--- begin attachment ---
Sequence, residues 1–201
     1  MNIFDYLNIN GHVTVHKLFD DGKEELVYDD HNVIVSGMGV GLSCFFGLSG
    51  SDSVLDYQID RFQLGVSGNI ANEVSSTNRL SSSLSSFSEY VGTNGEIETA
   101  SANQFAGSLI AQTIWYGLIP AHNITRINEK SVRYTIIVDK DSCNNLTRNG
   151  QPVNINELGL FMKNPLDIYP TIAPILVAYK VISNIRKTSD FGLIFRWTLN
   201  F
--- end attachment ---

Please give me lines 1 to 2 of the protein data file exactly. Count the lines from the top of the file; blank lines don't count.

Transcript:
Sequence, residues 1–201
     1  MNIFDYLNIN GHVTVHKLFD DGKEELVYDD HNVIVSGMGV GLSCFFGLSG